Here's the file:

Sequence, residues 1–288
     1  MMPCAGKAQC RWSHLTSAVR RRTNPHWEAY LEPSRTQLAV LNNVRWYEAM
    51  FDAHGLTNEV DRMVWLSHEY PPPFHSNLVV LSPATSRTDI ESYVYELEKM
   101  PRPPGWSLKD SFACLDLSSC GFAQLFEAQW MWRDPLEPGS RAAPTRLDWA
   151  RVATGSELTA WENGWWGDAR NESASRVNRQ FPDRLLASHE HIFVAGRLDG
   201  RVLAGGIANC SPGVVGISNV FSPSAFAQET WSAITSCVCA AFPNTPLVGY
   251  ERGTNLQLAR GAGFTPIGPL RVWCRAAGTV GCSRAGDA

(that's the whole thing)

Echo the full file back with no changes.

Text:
Sequence, residues 1–288
     1  MMPCAGKAQC RWSHLTSAVR RRTNPHWEAY LEPSRTQLAV LNNVRWYEAM
    51  FDAHGLTNEV DRMVWLSHEY PPPFHSNLVV LSPATSRTDI ESYVYELEKM
   101  PRPPGWSLKD SFACLDLSSC GFAQLFEAQW MWRDPLEPGS RAAPTRLDWA
   151  RVATGSELTA WENGWWGDAR NESASRVNRQ FPDRLLASHE HIFVAGRLDG
   201  RVLAGGIANC SPGVVGISNV FSPSAFAQET WSAITSCVCA AFPNTPLVGY
   251  ERGTNLQLAR GAGFTPIGPL RVWCRAAGTV GCSRAGDA